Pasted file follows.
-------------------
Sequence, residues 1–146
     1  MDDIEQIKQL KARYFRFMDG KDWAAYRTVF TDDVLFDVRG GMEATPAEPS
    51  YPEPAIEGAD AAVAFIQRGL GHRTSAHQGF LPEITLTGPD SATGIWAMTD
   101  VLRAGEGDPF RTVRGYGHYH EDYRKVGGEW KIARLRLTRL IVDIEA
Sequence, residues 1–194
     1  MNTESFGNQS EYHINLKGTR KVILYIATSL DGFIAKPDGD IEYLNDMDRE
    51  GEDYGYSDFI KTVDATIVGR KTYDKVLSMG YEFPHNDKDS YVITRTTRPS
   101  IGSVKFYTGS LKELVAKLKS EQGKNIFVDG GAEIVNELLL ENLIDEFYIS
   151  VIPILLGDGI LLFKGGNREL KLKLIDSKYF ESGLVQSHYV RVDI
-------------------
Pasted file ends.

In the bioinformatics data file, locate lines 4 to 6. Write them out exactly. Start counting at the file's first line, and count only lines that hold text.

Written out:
   101  VLRAGEGDPF RTVRGYGHYH EDYRKVGGEW KIARLRLTRL IVDIEA
Sequence, residues 1–194
     1  MNTESFGNQS EYHINLKGTR KVILYIATSL DGFIAKPDGD IEYLNDMDRE